The easiest way is to only use one file, saved on a shared server (instead of someone’s local computer), so everyone can collaborate in real time and there’s no confusion about which file is the latest one. Use word processing software with tracked changes so you have a record of everyone’s edits.
Another option is to establish a clear order of file name endings and ask the whole organization to stick to it. This is useful if you want a separate file to mark each stage of a process, but it does lead to more files. Here’s an example:
- First draft: client_project_draft.doc
- Revisions from client: client_project_clientedits.doc
- After incorporating revisions: client_project_revision1.doc, revision2, revision3
- After client signs off on edits: client_project_final.doc.
The trick is to not label a file “final” until it actually is. Give the client a time limit on revisions, if possible, to avoid a never-ending revision cycle, which can kill Microsoft productivity.
Organize Image Files Effectively
There are several ways to organize images, such as by year, event, project or department. It might help to use the same digital file organization system for your photos that you use for other files and documents, but you don’t have to.
If your staff members attend a lot of events, consider creating folders for each event type, such as individual conferences or trade shows. That way, if an event is annual, it’s easy to see what images you used in previous years all in one place.
Manage Leadership-Only or Confidential Files
Build data protection into your digital file organization strategy. Set sharing settings on files and folders so that people outside your organization, such as clients and contractors, can only access what they need.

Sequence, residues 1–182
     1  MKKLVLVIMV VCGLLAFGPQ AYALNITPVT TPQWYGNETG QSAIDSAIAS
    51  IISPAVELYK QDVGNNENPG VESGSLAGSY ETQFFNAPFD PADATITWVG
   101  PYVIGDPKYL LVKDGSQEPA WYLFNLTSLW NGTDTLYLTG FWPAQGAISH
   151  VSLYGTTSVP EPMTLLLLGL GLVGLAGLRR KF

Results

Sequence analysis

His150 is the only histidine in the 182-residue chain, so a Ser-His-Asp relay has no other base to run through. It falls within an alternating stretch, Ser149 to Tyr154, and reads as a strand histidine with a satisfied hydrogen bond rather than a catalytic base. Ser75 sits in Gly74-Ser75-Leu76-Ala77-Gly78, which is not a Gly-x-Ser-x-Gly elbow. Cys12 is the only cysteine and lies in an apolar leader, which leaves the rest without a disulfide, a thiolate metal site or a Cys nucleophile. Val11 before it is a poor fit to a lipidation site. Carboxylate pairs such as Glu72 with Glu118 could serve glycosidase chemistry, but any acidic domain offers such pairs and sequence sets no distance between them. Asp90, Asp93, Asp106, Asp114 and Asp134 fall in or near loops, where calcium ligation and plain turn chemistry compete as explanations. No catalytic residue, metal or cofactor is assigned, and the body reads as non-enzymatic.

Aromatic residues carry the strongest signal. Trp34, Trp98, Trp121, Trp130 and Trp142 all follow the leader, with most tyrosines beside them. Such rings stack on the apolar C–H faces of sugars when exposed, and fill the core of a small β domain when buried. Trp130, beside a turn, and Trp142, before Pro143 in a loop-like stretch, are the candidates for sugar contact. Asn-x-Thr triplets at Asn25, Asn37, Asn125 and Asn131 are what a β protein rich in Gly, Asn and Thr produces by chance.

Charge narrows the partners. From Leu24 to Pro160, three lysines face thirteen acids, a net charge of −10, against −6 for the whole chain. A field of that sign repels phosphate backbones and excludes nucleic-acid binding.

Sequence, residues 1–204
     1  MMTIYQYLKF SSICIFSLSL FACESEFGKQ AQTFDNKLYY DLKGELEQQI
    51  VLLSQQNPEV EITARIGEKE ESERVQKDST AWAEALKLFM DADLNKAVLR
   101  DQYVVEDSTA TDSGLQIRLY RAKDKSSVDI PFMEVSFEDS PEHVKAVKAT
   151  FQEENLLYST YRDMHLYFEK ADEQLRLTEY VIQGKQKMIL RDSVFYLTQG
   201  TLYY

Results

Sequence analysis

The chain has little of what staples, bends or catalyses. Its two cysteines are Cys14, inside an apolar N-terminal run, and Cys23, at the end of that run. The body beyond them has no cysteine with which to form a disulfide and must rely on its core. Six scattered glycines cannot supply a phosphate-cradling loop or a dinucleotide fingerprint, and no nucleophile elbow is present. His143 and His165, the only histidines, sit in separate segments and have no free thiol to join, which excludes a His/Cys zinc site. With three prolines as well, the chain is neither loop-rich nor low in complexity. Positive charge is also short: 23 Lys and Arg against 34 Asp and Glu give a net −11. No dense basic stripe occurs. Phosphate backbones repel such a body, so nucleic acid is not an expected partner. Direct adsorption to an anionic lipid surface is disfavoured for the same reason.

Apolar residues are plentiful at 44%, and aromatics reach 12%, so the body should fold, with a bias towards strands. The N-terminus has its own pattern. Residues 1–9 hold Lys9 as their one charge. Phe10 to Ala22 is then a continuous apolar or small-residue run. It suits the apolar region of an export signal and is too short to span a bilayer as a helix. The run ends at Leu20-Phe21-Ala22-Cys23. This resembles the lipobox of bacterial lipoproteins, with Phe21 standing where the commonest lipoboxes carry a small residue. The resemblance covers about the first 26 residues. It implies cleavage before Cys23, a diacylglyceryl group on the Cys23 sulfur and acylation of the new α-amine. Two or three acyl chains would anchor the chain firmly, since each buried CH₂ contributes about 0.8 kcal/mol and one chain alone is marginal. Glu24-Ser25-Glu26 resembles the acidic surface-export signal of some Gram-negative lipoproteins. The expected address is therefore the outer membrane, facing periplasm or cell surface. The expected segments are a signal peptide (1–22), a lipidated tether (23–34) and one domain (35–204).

Make use of cloud storage services that offer the most robust data security and compliance. The following features offer granular control and can help you better manage confidential or sensitive files:
- Set passwords for files and folders.
- Give read-only access.
- Prevent people from downloading files.
- Set permissions on a per-user, per-file or per-group basis.
- Encrypt sensitive files.
- Take advantage of compliance features.
Establish a system to determine which sharing settings to use on which files. Share those guidelines with your team and post them somewhere convenient for future reference. For folders with employee-only access, remember to revoke access as soon as an employee departs or is terminated.
Organize Large Numbers of Files for Microsoft Productivity
Organize thousands of files efficiently with the right tools. To sort files, open the folder containing all the files you’d like to organize, right-click within the folder, select “Sort by” and then select how you want to sort the files: by name, date, type, size or tags.
From there, easily organize computer files from a certain time range. Move all of them from one year into their own folder. If you like, create subfolders for each month or quarter.